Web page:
While this well-behaved lamb slowly prepares itself to be tossed through pappardelle with green olives and almonds, we guarantee a little free time up your sleeve, because your dinner is essentially autonomous.

17. The vampire slayer ramen express

This is an express ramen recipe that uses 44 cloves of garlic - yep, we're serious! Call it the ramen with 44 cloves of garlic. Mandy Lee calls it The Vampire Slayer.

18. Braised veal cheeks with grilled polenta

Divide grilled polenta squares among shallow bowls and top with braised veal cheeks and cabbage leaves. This one will quickly become a favourite on the low and slow front.

19. Moussaka

With slow-cooked shredded lamb, eggplant and a béchamel sauce enriched with kefalograviera (hard, sheep’s milk cheese), this moussaka puts a cheesy grin on our faces.

Nyonya beef lemak

“Singapore’s original fusion food, Nyonya cuisine, also known as Peranakan, features strong Malay and Indonesian influences with its use of spices and coconut milk. In this recipe, beef shin results in a beautifully tender meat, whilst the coconut milk and candlenuts make a moreish sauce.” Adam Liaw, Destination Flavour Singapore

Slow roast leg of lamb with tomatoes

After five hours in the oven, the lamb will literally fall off the bone, and the aromas that fill your kitchen will have you coming back to this gorgeous roast again and again.

Beef shin stewed with carrots (jarret de boeuf aux carrots)

Gabriel is in the Limousin, renowned for its famous French breed of Limousin beef. He meets the top chef of Limoges and his butcher who tell him why the beef is so good. 

French onion pho soup (soupe a l’oignon à la Viêtnamienne)

Here I have taken two of the best-loved classic soups of both France and Vietnam and combined them. This is not fusion cooking — history and culture made it happen.

Taiwanese pork ragu on rice (lu rou fan)

This is typically called lu-rou-fan, meaning braised pork (lu-rou) on rice (fan). It’s a generic and sometimes misleading name because, to be more accurate, it is also called rou-zao-fan, meaning braised pork belly with fried shallots (rou-zao) on rice (fan).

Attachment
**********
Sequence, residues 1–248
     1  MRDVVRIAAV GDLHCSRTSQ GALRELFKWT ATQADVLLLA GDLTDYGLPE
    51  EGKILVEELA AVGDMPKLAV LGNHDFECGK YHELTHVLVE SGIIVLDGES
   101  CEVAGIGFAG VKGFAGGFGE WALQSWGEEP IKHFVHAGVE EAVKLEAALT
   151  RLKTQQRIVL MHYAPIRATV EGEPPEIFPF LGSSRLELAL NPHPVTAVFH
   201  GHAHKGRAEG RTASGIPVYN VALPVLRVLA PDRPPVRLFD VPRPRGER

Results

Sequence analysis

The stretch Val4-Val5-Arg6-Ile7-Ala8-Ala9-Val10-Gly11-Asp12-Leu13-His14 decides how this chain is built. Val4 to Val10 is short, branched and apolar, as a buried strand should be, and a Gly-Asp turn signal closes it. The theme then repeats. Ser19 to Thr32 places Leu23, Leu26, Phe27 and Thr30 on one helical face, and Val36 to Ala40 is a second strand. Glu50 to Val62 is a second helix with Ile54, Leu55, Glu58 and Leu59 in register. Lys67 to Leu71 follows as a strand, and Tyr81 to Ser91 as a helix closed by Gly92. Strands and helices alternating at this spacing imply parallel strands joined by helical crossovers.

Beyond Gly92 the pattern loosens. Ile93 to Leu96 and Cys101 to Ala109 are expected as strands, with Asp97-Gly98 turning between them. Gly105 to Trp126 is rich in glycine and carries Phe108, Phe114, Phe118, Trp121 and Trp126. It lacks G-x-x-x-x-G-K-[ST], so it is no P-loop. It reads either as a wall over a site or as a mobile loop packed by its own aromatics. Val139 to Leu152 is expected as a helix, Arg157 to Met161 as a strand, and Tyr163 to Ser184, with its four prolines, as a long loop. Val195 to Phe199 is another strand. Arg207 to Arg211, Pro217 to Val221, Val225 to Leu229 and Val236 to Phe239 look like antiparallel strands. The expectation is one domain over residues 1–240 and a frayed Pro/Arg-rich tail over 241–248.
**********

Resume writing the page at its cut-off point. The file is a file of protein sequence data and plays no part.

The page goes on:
Slow simmered pork belly in shoyu and black sugar (butaniku no kakuni)

Introduced to Japan from China, this dish, also called rafute, is tender as butter and has a lovely sweet shoyu flavour.

6+ hours

26. 6-hour lamb Kashmir shanks

Slow cooking is the perfect way to enjoy cheap cuts of meat with maximum flavour and nutrition. The inclusion of a few bones will make any leftovers the perfect base to a delicious soup. Nothing is wasted and everything gained in these saucy shanks.

27. Pulled pork

9 hours of roasting and this melt-in-your-mouth pulled pork comes to life. Serve it with BBQ sauce and any of your favourites sides - coleslaw, roast potatoes or simple flatbread, all do great things.

So could pulled pork be on the menu?

28. Smoked lamb forequarter 

The secret to cooking with coals and to capture the essence of the smoky flavours is to have no flame and just the glowing embers,’ he says. This is a recipe in two stages – the whole lamb forequarter, which is smoked in the oven on a low heat, then sealed up to cook slowly. Melting perfection...

29. Beef shin daube

Beef shin is an excellent cut of meat for slow-cooking and this recipe from Matthew Evans showcases classic casserole flavours in carrot, celery, onion and red wine. Serve any excess sauce with pasta tomorrow.

Beef shin daube

30. Baked pasta

This is a hearty rustic Italian dish perfect for large family gatherings. The recipe takes about 7 hours to prepare, but if you get organised and prepare all the elements ahead it's a great way to cater for large numbers. You could cook the ragu the day before and the flavour will be even better. 

Keep it slow by checking out over 200 recipes in our collection here.

Get low and slow this week with Peter Kuruvita's Coastal Kitchen 8.30pm Wednesdays on SBS Food or stream it on SBS On Demand.